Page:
So far, all the selectors have been based on elements within the document tree. However, there are times when you may want to style something where there is no CSS selector available, like the state of a hyperlink (eg. active or visited).

Pseudo-classes allow you to format items that are not in the document tree. They include:

Styling links

With pseudo-classes, you can style links in different ways in each of the four states.

a:link is the selector for normal links
a:visited is the selector for visited links
a:hover is the selector for hover state
a:active is the selector for active links

Due to specificity, the selector that appears later in the stylesheet will be used if there is any conflict. For this reason, link and link pseudo class selectors should always be used in the following order.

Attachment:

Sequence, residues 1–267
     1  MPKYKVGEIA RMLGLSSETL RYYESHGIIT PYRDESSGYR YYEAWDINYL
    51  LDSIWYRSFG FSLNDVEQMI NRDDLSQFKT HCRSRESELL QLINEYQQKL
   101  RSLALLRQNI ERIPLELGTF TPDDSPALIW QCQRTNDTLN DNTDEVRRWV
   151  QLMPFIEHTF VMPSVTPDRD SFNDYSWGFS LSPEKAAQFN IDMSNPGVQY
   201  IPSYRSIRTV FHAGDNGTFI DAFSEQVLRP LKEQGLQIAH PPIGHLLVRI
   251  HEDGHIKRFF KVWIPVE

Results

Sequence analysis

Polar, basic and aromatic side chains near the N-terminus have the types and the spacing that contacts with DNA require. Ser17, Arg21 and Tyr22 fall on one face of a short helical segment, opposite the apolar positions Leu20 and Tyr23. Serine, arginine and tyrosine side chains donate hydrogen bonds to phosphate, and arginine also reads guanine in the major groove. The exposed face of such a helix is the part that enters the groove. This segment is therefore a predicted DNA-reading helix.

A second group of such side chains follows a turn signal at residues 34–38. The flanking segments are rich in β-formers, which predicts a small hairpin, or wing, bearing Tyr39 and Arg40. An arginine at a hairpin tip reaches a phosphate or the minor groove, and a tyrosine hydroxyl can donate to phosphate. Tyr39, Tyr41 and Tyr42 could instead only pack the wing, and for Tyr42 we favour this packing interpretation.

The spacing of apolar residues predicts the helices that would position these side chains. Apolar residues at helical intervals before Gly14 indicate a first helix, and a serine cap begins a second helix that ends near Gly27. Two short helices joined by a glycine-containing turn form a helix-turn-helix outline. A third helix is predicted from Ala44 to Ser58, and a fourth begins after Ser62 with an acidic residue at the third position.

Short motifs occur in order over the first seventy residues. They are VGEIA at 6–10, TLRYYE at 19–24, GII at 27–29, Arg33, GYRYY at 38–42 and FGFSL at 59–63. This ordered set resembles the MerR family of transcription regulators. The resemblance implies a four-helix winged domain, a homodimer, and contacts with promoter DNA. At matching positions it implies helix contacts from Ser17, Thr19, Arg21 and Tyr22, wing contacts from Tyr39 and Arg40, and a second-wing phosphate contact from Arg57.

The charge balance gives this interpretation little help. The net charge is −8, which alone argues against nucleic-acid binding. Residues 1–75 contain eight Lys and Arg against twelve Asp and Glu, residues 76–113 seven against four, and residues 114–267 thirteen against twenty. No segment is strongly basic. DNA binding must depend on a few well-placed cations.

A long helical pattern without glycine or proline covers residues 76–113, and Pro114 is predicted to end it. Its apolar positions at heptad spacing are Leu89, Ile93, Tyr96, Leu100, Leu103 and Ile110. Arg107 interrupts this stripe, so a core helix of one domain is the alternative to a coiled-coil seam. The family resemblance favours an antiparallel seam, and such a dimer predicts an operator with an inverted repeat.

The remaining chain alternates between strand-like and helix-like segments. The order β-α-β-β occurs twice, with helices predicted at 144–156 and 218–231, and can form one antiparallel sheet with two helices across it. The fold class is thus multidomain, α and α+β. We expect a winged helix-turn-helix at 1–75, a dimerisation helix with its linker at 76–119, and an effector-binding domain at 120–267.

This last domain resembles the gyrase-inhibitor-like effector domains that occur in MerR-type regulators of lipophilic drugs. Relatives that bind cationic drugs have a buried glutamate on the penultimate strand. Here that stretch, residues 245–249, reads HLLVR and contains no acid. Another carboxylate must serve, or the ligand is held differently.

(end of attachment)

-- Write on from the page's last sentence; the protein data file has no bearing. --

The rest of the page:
a {}
a:link {}
a:visited {}
a:hover {}
a:active {}

All of the usual properties can be used on these four states. You can also combine states if needed, as long as the order (link and visited before hover and active) is maintained:

a:link, a:visited { color: blue; }
a:hover, a:active { color: red; }

When styling the four link states you should be aware that modifying standard hyperlink behavior (such as underlines) can be confusing for some users, who may not realise that the item is a link.

The link pseudo-classes are well supported across modern standards-compliant browsers. However, pseudo-classes on other elements are not supported by Windows Internet Explorer 5, 5.5 and 6.

Further information

Pseudo elements »

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